Chaparrí, in Lambayeque – Peru, is a region with underrepresented dry forest ecosystems. 

The Chaparri Ecological Reserve, located in the Equatorial Pacific region in Peru is a seasonally dry forest managed by the Muchik Santa Catalina Community of Chongoyape. Seasonally dry forests are amongst the most endangered ecosystems, with less than 10% of their original extent remaining in Latin American and Caribbean countries. The Equatorial Pacific region is also known for a remarkable species richness and level of endemism.

By planting trees in Lambayeque, we aim to safeguard animal and tree species including several threatened species from the IUCN Red List such as the Andean Bear which is threatened by habitat degradation, given an approximate 30% of habitats are unsuitable for inhabitants due to lack of connectivity. Habitat suitability is also greatly decreased by human development activities including but not limited to; exploration for oil or expansion for agriculture. Therefore, our restoration efforts aim to reinforce the underrepresented ecosystems in the Chaparri Ecological Reserve. This reserve is in dire need of conservation due to several incidences of urban invasion and extended periods of drought. As part of our restoration efforts, local inhabitants receive training and incentives to protect the ecosystem and engage in sustainable harvesting practices.

Chaparrí Emblematic Species

Wildlife: Andean Bear, Andean Condor and the Puma.
Flora: Palo Santo, Sapote and Huayacan.

Click here to become a Forest Friends certified partner or individual.

Gren initiative Forest Friends Chaparí Lambayeque Peru

Strengthening Environmental Conservation Through Partnership

The collaboration from businesses and individuals in environmental initiatives highlights the significance of united efforts in conservation. Those organizations investing in reforestation not only aid in carbon offsetting but also exhibit a commitment to corporate social responsibility, bolstering their brand and engaging stakeholders. Meanwhile, the Travel and Tourism Market represents an enormous opportunity for more tourists to positively affect the ecosystems they visit, ensuring their environmental footprint is beneficial through Regenerative Tourism.

Regenerative tourism is an approach to travel and tourism that goes beyond the principles of sustainability. Instead of merely seeking to minimize the negative impacts of tourism on the environment and local communities, regenerative tourism aims to actively improve and regenerate the ecosystems, cultures, and economies of the destinations visited. It focuses on meaningful experiences that foster a deep connection between tourists and the destination, encouraging a sense of responsibility and participation in local conservation and cultural preservation efforts. It promotes practices that restore nature, rebuild social systems, and revitalize economies in ways that are holistic, inclusive, and forward-thinking.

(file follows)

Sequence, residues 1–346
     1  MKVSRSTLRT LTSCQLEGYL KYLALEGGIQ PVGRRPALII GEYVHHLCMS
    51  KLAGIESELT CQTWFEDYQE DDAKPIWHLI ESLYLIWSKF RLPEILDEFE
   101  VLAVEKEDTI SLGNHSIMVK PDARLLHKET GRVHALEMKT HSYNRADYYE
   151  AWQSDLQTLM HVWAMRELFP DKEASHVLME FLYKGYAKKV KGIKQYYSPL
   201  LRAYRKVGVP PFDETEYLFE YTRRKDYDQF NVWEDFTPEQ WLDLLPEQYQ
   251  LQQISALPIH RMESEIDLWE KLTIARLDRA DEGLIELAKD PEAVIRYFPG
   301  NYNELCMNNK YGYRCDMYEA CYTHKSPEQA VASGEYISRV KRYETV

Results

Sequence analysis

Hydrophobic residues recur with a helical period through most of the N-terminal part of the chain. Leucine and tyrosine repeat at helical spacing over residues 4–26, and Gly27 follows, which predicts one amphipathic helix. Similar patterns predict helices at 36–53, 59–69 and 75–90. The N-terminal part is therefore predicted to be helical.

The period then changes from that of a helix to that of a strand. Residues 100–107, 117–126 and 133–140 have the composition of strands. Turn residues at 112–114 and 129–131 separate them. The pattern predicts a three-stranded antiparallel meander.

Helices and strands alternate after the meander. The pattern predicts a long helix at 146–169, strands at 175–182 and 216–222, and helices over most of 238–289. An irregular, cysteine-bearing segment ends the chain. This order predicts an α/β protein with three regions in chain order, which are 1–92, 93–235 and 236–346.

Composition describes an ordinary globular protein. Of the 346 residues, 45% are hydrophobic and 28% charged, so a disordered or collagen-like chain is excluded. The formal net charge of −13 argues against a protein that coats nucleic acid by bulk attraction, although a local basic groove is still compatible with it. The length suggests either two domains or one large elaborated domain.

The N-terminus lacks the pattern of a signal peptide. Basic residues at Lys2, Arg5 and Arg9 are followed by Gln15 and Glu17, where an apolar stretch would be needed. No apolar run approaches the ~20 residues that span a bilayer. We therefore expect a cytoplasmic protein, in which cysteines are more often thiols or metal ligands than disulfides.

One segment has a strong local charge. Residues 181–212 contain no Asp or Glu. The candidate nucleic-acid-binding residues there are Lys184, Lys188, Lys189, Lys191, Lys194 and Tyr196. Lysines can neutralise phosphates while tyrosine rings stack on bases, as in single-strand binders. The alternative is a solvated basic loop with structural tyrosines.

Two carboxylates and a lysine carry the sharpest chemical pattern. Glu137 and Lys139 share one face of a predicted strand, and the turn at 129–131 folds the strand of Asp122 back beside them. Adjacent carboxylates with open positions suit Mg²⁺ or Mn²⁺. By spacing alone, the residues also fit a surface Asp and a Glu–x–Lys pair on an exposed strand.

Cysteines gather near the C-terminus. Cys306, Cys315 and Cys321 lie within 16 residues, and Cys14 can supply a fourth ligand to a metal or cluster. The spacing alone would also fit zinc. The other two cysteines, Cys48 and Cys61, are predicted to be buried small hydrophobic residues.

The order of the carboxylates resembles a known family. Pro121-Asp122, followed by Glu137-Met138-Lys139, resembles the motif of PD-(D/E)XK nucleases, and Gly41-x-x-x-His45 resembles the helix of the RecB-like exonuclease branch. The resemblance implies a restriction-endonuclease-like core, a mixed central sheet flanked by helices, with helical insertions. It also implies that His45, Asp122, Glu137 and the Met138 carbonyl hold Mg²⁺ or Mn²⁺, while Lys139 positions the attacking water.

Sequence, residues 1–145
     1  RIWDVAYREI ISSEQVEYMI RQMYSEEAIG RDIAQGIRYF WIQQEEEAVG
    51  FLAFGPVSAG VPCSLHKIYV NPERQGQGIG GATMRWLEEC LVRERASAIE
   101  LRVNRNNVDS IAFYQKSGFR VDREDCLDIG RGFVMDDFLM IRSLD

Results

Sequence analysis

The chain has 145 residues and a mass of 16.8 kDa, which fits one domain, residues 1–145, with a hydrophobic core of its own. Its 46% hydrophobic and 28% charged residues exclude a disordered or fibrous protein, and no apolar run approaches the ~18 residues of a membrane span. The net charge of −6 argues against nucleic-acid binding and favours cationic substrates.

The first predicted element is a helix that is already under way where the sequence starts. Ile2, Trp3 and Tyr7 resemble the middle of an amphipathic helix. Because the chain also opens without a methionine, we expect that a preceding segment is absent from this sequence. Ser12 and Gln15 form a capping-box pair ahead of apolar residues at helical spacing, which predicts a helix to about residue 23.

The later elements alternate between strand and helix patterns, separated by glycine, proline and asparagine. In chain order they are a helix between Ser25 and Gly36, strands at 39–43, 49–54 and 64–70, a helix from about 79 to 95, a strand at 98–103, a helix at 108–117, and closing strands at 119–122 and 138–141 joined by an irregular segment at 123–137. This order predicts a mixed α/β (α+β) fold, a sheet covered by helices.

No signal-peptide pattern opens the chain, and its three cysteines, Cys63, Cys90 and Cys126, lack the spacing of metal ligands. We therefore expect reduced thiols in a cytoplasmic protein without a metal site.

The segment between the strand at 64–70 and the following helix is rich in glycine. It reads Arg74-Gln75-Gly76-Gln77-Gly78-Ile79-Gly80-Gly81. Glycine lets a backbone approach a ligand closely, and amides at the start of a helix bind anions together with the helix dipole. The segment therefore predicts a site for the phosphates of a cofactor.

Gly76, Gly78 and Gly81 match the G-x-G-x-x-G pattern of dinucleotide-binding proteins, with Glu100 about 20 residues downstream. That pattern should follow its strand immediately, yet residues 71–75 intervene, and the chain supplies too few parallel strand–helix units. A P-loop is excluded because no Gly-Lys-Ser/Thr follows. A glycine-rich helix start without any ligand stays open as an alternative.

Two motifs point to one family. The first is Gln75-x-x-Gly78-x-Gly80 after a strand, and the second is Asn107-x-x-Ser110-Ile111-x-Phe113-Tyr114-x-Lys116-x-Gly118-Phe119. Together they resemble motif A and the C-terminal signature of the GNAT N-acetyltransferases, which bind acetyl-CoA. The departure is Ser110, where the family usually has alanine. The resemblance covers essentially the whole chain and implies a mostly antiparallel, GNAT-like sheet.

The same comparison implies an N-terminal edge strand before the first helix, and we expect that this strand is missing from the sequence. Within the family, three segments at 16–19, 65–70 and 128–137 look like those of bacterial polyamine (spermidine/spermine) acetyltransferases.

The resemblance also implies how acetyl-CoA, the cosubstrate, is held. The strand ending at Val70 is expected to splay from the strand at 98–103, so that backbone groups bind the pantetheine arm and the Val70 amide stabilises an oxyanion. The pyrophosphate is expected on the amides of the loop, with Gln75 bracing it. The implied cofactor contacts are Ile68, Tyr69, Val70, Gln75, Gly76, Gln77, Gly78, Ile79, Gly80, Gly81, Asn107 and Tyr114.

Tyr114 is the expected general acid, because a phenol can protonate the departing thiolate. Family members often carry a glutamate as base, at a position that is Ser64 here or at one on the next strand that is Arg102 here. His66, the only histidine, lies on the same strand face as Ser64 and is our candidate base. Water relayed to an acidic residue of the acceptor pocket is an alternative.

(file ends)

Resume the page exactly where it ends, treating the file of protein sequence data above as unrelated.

Businesses across the tourism sector, including accommodation providers (e.g. Inkaterra Hotels and Estancia Mimosa Ecoturismo), tour operators (e.g. Kuoda Travel, Tulu Travel, Swetours , My Costa Rica and Grupo Rio da Prata) can collaboratively drive regenerative tourism by adopting practices that actively improve and restore the environmental, cultural, and economic health of their destinations. With the Green Initiative guide for businesses and destinations youu will learn how to adopt Glasgow Declaration practices and decarbonize tourism. Download The Climate Action Guide for Tourism Businesses and Destinations:​ Regenerative Tourism: Building Tourism Back Better.

UN Restoration Flagships: Leading the Way in Forest Conservation

The International Day of Forests reminds us of the importance of backing United Nations world restoration flagships to rehabilitate degraded lands and forests worldwide. These flagships are essential for meeting global biodiversity objectives, tackling climate change, offering innovative solutions, and rallying support for expansive restoration endeavors.